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Posts for: May, 2017

You use your feet every day: getting to and from work, doing errands or chores, and essentially doing every other activity that isn't sleeping or sitting. It's a big deal when you have significant foot pain. Understanding the primary causes of foot pain, as well as ways to treat and prevent foot pain, is the best thing you can do to maximize your quality of life.

The following information will help you better understand the causes of foot pain, how to prevent it and how to treat it once it occurs:

Frequent causes of foot pain

The foot is one of the most complicated parts of your body, and about a quarter of all the bones in your body are in your feet. This means there are numerous factors that could cause foot pain. Some of the most common include:

Bone spurs - These growths can occur on any of the bones in your feet or ankles. They can cause significant discomfort and pain if left untreated.

Corns and calluses – Overdevelopment of skin at pressure points that leads to pain on the bottom of the feet. Usually they are not a problem, but sometimes they build up pressure that leads to pain on the bottom of feet.

Warts, ingrown toenails and fungus - Due to the dark, cramped, moist and poorly ventilated conditions that feet are usually in most of the day, developing any of these conditions is unsurprising and common.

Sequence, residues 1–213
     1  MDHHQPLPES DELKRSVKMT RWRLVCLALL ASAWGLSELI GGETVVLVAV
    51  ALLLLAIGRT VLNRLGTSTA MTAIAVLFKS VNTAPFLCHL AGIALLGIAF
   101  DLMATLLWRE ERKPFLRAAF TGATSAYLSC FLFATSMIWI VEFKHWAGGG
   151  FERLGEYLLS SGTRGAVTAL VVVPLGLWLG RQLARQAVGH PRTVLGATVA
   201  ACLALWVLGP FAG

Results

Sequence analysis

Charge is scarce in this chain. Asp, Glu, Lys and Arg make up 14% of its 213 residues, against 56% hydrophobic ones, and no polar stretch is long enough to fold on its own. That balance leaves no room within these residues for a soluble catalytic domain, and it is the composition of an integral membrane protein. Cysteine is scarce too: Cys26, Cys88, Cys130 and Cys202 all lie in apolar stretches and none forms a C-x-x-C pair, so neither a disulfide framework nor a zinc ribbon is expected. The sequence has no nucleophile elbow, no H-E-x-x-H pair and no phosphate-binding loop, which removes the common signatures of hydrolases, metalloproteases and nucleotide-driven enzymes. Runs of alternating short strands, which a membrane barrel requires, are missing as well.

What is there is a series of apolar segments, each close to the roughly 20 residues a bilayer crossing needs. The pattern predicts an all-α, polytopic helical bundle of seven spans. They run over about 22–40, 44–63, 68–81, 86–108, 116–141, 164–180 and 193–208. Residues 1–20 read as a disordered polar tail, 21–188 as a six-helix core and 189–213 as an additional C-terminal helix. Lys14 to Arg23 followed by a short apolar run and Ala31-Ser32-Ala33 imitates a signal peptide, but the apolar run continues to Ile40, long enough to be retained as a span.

Tendinitis - Inflammation in the foot or ankle can lead to significant discomfort and pain. With dozens of tendons in your feet, the chances of one of them becoming inflamed at some point is somewhat high.

Broken bones - If you've broken a bone, you probably know it. Broken bones are extremely painful and require immediate medical assistance.

Typical treatments for foot pain

Foot pain is treated in various ways, depending on the type and severity of the condition. Bone spurs, corns, calluses, warts, fungus and ingrown toenails can be treated by removing them from the foot, oftentimes requiring local anesthesia. The problem is actually treated, versus simply being masked or covered up. However, the downside is it can be painful and lead to temporarily restricted movement, and individuals susceptible to these conditions are likely to get them again.

Conditions like tendinitis typically require a combination of strapping, physical therapy and medication.

Preventative measures for foot pain

Significantly reduce the risk of foot pain by taking preventative measures. These include keeping feet clean and moisturized, wearing socks and clean shoes, and regularly looking at your feet for cuts, sores and cracks. Stretches are another great way to minimize the risk of inflammation-related problems.

To learn more about treating and preventing foot pain, simply contact Dr. Sheldon Fleishman.


Sources:

  • http://www.healthcommunities.com/foot-anatomy/foot-anatomy-overview.shtml
  • http://www.arthritis.org/about-arthritis/where-it-hurts/foot-heel-and-toe-pain/foot-heel-and-toe-care/prevent-foot-problems.php